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JAMA. 2001 Oct 17;286(15):1841-8.

The Canadian C-spine rule for radiography in alert and stable trauma patients.

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  • 1Clinical Epidemiology Unit, F6, Ottawa Health Research Institute, 1053 Carling Ave, Ottawa, Ontario, Canada K1Y 4E9. istiell@ohri.ca

Abstract

CONTEXT:

High levels of variation and inefficiency exist in current clinical practice regarding use of cervical spine (C-spine) radiography in alert and stable trauma patients.

OBJECTIVE:

To derive a clinical decision rule that is highly sensitive for detecting acute C-spine injury and will allow emergency department (ED) physicians to be more selective in use of radiography in alert and stable trauma patients.

DESIGN:

Prospective cohort study conducted from October 1996 to April 1999, in which physicians evaluated patients for 20 standardized clinical findings prior to radiography. In some cases, a second physician performed independent interobserver assessments.

SETTING:

Ten EDs in large Canadian community and university hospitals.

PATIENTS:

Convenience sample of 8924 adults (mean age, 37 years) who presented to the ED with blunt trauma to the head/neck, stable vital signs, and a Glasgow Coma Scale score of 15.

MAIN OUTCOME MEASURE:

Clinically important C-spine injury, evaluated by plain radiography, computed tomography, and a structured follow-up telephone interview. The clinical decision rule was derived using the kappa coefficient, logistic regression analysis, and chi(2) recursive partitioning techniques.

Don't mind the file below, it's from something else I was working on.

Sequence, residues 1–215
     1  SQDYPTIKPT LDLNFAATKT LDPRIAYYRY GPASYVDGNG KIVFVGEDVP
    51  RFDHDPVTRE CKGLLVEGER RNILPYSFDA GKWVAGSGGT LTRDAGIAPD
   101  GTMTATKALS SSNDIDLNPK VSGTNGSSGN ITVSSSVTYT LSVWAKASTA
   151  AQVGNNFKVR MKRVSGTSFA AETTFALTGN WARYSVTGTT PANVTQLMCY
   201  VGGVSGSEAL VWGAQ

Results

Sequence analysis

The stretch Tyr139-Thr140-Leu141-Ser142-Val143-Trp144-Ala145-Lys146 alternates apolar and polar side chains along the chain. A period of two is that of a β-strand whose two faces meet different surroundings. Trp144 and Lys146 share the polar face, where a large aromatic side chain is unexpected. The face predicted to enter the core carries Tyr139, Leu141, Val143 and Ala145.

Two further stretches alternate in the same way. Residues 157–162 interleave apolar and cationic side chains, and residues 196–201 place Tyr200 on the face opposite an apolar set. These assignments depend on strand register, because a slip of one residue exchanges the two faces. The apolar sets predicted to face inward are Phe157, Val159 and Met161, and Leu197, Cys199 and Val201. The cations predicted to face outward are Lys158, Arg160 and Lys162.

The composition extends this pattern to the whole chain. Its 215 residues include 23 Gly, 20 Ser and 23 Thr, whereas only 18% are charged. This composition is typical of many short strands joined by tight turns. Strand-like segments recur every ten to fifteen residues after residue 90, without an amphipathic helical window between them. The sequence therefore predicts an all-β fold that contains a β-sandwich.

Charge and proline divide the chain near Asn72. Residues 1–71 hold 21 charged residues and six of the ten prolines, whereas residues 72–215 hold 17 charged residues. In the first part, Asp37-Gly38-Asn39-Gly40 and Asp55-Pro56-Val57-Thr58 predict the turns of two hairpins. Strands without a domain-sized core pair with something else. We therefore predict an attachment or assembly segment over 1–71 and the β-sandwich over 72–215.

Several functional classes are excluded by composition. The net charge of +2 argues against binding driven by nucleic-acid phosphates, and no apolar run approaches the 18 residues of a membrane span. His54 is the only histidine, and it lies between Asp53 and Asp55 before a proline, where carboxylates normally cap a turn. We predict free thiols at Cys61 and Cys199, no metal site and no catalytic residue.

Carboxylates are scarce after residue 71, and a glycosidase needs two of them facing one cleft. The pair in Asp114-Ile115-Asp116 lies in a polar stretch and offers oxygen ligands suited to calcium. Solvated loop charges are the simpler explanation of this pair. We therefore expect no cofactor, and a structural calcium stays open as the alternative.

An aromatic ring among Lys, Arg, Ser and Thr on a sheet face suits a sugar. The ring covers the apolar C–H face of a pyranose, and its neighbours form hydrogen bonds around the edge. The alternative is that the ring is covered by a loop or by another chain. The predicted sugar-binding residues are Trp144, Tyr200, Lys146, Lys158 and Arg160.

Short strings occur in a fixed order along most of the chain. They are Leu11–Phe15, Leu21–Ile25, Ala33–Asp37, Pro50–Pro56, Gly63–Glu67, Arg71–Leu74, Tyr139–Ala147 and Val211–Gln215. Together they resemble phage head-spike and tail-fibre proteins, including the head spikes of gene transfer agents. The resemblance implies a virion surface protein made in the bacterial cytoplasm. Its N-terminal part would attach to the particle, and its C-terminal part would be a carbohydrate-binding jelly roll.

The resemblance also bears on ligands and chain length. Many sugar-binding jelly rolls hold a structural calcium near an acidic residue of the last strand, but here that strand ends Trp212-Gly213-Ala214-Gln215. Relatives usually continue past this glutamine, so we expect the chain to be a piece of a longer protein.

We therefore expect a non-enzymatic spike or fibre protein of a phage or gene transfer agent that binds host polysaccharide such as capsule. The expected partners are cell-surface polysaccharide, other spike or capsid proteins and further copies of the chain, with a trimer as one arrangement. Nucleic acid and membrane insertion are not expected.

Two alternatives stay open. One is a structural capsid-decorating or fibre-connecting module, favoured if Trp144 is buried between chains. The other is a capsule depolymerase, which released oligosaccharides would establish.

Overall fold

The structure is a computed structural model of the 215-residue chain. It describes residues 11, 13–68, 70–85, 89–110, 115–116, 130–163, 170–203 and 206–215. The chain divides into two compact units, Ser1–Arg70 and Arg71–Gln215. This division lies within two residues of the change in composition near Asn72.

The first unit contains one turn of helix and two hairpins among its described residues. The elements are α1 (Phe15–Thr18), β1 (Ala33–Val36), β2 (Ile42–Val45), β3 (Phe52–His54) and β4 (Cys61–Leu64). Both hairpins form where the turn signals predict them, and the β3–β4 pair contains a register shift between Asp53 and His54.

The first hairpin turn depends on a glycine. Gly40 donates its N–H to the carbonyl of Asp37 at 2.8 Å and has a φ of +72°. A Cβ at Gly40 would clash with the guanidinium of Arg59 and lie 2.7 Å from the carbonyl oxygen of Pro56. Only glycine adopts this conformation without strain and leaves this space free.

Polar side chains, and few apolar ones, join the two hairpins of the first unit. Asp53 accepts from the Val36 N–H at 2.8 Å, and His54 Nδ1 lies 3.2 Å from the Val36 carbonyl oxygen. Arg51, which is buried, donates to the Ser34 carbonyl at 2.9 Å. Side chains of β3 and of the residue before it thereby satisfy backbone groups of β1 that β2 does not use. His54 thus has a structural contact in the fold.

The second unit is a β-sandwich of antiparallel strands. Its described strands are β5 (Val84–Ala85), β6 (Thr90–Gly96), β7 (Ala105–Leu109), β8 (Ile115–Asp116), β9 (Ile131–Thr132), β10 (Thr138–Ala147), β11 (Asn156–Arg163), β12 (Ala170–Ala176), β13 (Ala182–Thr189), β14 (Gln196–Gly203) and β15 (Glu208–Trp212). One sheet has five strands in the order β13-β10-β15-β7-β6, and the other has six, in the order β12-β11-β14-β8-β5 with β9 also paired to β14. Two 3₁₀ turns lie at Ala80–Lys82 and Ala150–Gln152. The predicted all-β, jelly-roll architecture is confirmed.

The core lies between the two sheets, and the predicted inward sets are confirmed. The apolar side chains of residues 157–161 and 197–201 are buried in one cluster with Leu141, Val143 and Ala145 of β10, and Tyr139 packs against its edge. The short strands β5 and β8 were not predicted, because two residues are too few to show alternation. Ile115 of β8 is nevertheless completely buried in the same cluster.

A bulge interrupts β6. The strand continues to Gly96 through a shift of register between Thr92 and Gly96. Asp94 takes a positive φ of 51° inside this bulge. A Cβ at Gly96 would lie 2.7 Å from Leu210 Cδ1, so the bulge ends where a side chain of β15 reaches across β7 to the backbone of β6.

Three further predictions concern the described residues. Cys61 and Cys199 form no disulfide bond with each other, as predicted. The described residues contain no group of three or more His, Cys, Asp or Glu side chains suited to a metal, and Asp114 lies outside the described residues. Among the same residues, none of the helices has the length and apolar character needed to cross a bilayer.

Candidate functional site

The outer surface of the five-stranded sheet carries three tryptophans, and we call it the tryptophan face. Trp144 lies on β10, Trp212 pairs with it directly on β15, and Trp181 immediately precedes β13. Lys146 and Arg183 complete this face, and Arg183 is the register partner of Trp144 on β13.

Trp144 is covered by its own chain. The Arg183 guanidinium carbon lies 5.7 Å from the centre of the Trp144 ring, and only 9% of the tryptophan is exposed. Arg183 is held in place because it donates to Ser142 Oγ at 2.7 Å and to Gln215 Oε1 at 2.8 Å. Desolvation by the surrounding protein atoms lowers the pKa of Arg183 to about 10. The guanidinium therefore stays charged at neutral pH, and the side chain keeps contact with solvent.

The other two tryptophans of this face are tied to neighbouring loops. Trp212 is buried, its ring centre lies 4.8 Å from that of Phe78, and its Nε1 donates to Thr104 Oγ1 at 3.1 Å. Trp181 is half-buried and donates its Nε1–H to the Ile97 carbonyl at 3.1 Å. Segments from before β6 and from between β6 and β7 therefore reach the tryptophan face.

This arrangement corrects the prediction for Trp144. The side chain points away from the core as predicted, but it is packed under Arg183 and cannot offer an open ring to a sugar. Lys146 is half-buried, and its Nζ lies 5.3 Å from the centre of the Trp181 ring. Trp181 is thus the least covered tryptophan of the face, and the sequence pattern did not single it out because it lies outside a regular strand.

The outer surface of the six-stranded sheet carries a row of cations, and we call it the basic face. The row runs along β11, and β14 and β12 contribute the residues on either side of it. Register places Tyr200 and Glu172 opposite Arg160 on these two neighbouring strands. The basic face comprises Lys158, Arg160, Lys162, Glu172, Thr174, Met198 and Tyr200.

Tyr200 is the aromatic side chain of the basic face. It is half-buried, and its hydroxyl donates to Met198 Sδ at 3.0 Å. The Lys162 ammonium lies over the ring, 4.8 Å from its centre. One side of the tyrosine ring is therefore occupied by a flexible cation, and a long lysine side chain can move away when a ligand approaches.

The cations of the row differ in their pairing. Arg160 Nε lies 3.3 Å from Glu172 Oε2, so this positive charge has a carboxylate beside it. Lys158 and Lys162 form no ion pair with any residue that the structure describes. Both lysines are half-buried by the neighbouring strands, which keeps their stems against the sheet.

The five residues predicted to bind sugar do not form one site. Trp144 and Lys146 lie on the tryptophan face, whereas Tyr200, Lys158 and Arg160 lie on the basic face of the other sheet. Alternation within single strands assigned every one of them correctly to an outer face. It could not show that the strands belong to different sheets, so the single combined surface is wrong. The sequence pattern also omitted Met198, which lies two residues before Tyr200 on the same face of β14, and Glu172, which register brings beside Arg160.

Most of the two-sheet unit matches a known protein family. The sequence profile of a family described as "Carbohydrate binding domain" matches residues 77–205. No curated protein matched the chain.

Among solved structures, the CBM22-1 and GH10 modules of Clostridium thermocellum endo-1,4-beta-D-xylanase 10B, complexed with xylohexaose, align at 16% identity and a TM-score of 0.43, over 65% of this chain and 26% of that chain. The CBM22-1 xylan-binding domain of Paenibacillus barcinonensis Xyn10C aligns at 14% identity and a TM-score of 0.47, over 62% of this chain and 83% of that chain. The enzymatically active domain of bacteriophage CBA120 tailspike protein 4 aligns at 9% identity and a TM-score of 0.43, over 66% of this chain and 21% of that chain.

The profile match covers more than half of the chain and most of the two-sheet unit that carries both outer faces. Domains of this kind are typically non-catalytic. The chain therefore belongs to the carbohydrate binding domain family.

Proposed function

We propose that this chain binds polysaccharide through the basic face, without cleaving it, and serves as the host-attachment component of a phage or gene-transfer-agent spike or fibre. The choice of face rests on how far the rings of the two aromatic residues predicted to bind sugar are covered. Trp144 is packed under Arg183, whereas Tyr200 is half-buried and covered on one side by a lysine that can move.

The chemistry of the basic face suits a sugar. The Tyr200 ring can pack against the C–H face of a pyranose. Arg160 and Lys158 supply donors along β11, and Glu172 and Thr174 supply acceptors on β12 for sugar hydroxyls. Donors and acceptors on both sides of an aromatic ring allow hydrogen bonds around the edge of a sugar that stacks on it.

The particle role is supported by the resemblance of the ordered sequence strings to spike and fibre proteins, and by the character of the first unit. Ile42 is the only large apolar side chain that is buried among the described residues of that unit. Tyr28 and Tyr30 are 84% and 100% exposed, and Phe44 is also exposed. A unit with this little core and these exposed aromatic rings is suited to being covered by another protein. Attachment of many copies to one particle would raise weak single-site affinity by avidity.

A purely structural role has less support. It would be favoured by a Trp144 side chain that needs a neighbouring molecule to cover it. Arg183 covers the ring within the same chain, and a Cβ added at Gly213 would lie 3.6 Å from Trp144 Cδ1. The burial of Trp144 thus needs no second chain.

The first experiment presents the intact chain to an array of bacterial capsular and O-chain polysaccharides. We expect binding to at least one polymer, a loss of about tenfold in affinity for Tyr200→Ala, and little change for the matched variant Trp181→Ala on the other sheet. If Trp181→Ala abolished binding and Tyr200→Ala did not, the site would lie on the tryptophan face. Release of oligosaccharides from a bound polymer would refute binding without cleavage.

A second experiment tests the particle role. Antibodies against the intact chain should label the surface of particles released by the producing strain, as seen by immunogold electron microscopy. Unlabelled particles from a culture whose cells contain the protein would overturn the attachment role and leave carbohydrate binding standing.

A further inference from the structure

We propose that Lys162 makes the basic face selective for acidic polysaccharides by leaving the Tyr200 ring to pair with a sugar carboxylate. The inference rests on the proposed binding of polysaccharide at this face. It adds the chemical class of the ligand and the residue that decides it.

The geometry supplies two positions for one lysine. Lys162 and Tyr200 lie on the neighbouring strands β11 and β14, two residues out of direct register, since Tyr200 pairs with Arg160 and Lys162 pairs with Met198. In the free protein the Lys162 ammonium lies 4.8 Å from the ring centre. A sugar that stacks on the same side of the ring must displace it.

RESULTS:

Among the study sample, 151 (1.7%) had important C-spine injury. The resultant model and final Canadian C-Spine Rule comprises 3 main questions: (1) is there any high-risk factor present that mandates radiography (ie, age >/=65 years, dangerous mechanism, or paresthesias in extremities)? (2) is there any low-risk factor present that allows safe assessment of range of motion (ie, simple rear-end motor vehicle collision, sitting position in ED, ambulatory at any time since injury, delayed onset of neck pain, or absence of midline C-spine tenderness)? and (3) is the patient able to actively rotate neck 45 degrees to the left and right? By cross-validation, this rule had 100% sensitivity (95% confidence interval [CI], 98%-100%) and 42.5% specificity (95% CI, 40%-44%) for identifying 151 clinically important C-spine injuries. The potential radiography ordering rate would be 58.2%.

CONCLUSION:

We have derived the Canadian C-Spine Rule, a highly sensitive decision rule for use of C-spine radiography in alert and stable trauma patients. If prospectively validated in other cohorts, this rule has the potential to significantly reduce practice variation and inefficiency in ED use of C-spine radiography.

Comment in

PMID:
11597285
[PubMed - indexed for MEDLINE]
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